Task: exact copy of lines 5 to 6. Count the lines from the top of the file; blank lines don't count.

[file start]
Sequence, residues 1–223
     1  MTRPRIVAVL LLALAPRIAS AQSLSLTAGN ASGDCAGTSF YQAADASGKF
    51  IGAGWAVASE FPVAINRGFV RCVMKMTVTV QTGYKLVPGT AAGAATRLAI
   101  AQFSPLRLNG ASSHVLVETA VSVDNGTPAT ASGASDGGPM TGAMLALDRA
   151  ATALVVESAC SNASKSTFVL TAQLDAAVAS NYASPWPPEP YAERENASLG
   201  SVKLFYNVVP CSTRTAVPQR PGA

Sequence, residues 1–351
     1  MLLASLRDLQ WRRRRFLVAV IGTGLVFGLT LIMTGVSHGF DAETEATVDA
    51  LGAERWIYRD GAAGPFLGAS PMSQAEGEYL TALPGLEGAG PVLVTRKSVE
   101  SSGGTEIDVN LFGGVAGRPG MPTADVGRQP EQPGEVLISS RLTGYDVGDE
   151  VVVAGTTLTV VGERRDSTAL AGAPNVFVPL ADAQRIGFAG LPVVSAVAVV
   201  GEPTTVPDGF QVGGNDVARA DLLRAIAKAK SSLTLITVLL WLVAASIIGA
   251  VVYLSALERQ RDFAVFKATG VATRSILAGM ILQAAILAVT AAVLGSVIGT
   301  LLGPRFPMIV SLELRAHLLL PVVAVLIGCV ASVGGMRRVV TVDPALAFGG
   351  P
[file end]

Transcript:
   151  ATALVVESAC SNASKSTFVL TAQLDAAVAS NYASPWPPEP YAERENASLG
   201  SVKLFYNVVP CSTRTAVPQR PGA